The 7th Brigade transferred its Reserve personnel to the division (mainly to the 11th Brigade) in 2011 as that brigade became a completely Regular formation of Forces Command.[132] In September 2014, the division received the three Regional Force Surveillance Units from the 6th Brigade, and as of late 2014, the division included over 11,000 Reservists.[133] In January 2015, Major General Stephen Porter took over command of the division.[134] Under the Army's Plan Beersheba reforms, the 4th and 9th Brigades were paired with the regular 1st Brigade; 5th and 8th Brigades with the regular 7th Brigade; and the 11th and 13th Brigades with the regular 3rd Brigade, tasked with providing a battle group to each Regular manoeuvre brigade during the ready phase of the force generation cycle: Battle Groups Cannan (11th and 13th Brigades), Jacka (4th and 9th Brigades) and Waratah (5th and 8th Brigades).[132][135] On 24 July 2015, members of the 2nd Division marked 100 years of service with a national parade at the Australian War Memorial in Canberra.[136] In 2017–2018, the 8th Brigade became responsible for the management of training delivered to Reserve soldiers within the 2nd Division.[137]

During the period since 2011, the division has deployed forces and provided individual troops to deployments to the Solomon Islands, Timor Leste, Afghanistan, and South Sudan as well as supporting ongoing border protection operations.[138]

Memorial

Australian 2nd Division Memorial at Mont St Quentin, France in August 1925
The original 2nd Division memorial

Positioned at Mont St Quentin (49°56′51.61″N 2°55′55.91″E / 49.9476694°N 2.9321972°E), where the Australian 2nd Division captured one of the most formidable defensive positions on the Western Front, the 2nd Division's memorial was unconventional. Instead of an obelisk such as at the other four AIF divisional memorials, the original memorial which was unveiled in 1925 was a statue of an Australian soldier bayoneting a German eagle sprawled at his feet. However, this statue was removed and destroyed by German soldiers in 1940 during World War II, leaving only the stone plinth. A replacement statue, consisting of an Australian soldier standing in full kit was installed in 1971.[139]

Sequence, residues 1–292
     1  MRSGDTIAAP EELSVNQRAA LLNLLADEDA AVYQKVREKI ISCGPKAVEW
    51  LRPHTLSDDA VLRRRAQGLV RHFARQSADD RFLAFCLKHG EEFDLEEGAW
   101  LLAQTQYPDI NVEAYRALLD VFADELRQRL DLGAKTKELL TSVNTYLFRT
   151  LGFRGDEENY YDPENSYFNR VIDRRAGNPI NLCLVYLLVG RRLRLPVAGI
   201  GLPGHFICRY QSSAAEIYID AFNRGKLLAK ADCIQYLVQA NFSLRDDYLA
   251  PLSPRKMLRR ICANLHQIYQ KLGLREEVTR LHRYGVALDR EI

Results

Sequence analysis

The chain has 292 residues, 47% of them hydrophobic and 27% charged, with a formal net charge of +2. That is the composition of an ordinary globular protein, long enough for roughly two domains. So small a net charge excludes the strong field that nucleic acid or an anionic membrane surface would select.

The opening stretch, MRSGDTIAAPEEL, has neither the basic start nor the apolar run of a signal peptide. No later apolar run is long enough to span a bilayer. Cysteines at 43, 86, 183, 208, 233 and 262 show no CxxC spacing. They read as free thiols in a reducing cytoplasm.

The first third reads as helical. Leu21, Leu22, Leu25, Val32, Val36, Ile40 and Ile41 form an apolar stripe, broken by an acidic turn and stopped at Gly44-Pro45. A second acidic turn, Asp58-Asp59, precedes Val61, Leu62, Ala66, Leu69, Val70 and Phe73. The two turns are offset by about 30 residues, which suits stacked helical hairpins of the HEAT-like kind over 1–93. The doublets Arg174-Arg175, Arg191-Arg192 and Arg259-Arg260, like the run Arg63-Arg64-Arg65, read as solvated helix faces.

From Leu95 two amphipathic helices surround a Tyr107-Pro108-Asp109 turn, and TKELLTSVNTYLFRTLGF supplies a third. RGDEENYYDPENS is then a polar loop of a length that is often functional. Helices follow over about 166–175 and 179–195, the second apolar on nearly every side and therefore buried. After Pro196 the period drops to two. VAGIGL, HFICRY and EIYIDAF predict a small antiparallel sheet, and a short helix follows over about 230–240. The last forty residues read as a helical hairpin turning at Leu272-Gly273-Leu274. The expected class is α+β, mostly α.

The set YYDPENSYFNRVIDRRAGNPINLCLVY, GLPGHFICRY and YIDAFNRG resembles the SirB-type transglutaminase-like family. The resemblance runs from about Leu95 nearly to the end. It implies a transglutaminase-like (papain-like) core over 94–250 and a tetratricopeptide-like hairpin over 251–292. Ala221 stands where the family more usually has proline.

The memorial lists the battle honours of the 2nd Division as: Pozieres, Mouquet Farm, Flers, Malt Trench, Lagnicourt, Bullecourt, Menin Road, Broodseinde Ridge, Passchendaele, Ville-sur-Ancre, Morlancourt, Hamel, Villers-Bretonneux, Herleville, Herbécourt, Biaches, Mont St. Quentin, Beaurevoir Line, and Montbrehain.[140]

Current structure

As at 2019 the division currently commands almost all Reserve units, including the following: [141]

Notes

  1. ^ a b Mallett, Ross. "First AIF Order of Battle 1914–1918: Second Division". AIF Project. University of New South Wales (Australian Defence Force Academy). Archived from the original on 28 February 2015. Retrieved 16 October 2018.
  2. ^ a b c d e f g h i j k l m n "History of the 2nd Division". Australian Army. Archived from the original on 2 June 2011. Retrieved 1 September 2018.
  3. ^ Wray 2002, pp. 145–147.
  4. ^ Bean 1941a, pp. 739–740 & 761.
  5. ^ Bean 1941a, pp. 36–42.
  6. ^ Kuring 2004, pp. 83, 90–92.
  7. ^ Bean 1941b, p. 66.
  8. ^ Coulthard-Clark 1998, pp. 117–118.
  9. ^ a b Coulthard-Clark 1998, p. 118.
  10. ^ Bean 1941b, p. 701.